The second type of control structure is through iteration. It controls the execution of your programs. This is done through the commands: LOOP , WHILE , FOR , and EXIT . The syntax for a simple unconditional LOOP statement is:

 LOOP 
     statements
 END LOOP;
   

An unconditional loop statement will continue to loop until it reaches an EXIT . The EXIT command explicitly terminates unconditional loops. The syntax for the EXIT command is:

 EXIT [label] [WHEN expression];
  

The label specifies the level of nesting that should be terminated. Label is the current or an upper level loop block. If a label is not specified, then the innermost loop is terminated and it jumps to the statement after the END LOOP .

For instance, the loop_addtwo() function counts by two and continues to loop until it reaches 20. It begins the count at the number supplied by the user:

Example 9-23. PL/pgSQL Loop

   CREATE FUNCTION loop_addtwo(integer) RETURNS integer AS'
   DECLARE
     -- defines a name for the input number
     num1 ALIAS FOR $1;

     -- defines a variable to hold the answer
     answer integer;
 
   BEGIN     
     -- assigns the input number into the answer
     answer = num1;

     -- adds the starting number into the table 
     INSERT INTO count_by_two VALUES (answer);

     LOOP
       -- counts by 2 each time this loop is entered
       answer = answer + 2;
       -- adds each resulting number into the count_by_two table
       INSERT INTO count_by_two VALUES(answer);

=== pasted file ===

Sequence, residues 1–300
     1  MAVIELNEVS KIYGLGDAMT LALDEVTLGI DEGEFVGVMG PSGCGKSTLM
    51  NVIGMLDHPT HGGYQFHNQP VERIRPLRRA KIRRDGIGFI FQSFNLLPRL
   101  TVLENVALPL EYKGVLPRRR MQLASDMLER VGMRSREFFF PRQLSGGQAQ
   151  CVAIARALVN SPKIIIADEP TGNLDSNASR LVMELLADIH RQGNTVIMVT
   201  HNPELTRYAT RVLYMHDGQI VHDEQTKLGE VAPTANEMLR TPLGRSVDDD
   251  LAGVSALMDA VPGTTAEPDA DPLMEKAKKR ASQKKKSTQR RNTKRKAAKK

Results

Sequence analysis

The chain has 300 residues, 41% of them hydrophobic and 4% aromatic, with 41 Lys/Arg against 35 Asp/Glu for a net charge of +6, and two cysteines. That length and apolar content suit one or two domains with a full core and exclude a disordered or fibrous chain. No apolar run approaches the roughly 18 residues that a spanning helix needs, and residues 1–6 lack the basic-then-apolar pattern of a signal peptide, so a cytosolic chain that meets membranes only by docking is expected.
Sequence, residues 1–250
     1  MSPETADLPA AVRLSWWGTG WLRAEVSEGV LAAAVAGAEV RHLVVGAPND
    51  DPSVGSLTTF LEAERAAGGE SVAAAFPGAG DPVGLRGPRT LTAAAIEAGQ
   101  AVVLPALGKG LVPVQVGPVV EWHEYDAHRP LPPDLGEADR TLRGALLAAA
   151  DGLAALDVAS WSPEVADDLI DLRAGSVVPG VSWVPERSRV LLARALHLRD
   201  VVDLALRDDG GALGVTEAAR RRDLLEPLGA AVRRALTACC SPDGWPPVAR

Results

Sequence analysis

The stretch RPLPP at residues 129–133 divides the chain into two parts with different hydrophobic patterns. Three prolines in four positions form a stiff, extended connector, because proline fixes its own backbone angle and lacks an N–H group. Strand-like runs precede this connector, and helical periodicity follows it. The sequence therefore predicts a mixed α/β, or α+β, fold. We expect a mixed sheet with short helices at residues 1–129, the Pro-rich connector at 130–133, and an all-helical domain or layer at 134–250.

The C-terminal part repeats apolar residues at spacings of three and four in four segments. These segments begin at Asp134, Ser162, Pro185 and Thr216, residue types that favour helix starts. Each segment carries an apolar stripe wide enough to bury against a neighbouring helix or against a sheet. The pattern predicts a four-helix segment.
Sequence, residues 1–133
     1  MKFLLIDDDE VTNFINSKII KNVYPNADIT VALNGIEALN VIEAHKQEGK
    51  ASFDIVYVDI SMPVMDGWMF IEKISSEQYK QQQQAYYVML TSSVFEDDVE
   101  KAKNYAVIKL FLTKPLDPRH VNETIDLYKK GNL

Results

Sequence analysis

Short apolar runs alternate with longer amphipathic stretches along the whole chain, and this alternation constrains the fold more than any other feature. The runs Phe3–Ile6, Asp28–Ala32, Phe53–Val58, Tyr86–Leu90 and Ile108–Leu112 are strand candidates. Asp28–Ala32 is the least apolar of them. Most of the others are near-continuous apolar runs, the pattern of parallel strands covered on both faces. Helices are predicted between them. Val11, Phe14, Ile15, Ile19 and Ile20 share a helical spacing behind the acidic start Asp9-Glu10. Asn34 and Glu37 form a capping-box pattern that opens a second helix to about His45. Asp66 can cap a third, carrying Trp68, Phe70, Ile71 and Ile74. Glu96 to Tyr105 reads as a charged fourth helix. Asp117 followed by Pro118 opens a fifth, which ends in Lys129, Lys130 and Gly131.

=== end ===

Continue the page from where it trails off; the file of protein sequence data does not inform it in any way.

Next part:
-- exits the loop when the number is higher than 20
       EXIT WHEN answer >= 20;
     -- end of the loop body
     END LOOP;

   -- displays a 0 because this function 
   -- is defined to return an integer
   return 0;

   END;
   ' LANGUAGE 'plpgsql';
   

We used this command to count from 2 to 20:

   SELECT loop_addtwo(2);
   

The count_by_two table now contains these data values:

  number
 --------
      2
      4
      6
      8
     10
     12
     14
     16
     18
     20
(10 rows)
   

This loop is the most basic loop. That is why it needs to use the EXIT command to get out of the loop. If the EXIT command is not supplied, it will never reach the end of the loop.

Another way to control your programs is to use the WHILE loop. The syntax for a WHILE loop is:

  WHILE expression LOOP
     statements
  END LOOP;
   
This type of loop will continue to loop through the sequence of statements as long as the expression is true. It will automatically exit the loop when the expression becomes false. Therefore, the EXIT command is not needed when using the WHILE loop.

This function uses the WHILE loop to continue adding the number 2 to a user supplied number. It then inserts each number into the count_by_two table until it reaches the number 20.

Example 9-24. PL/pgSQL While Loop

 
   CREATE FUNCTION while_addtwo(integer) RETURNS integer AS'
   DECLARE
     -- defines a name for the input number
     num1 ALIAS FOR $1;

     -- defines a variable to hold the answer
     answer integer;

   BEGIN
     -- assigns the input number into the answer
     answer = num1;

     -- adds the starting count number 
     -- into the count_by_two table
     INSERT INTO count_by_two VALUES (answer);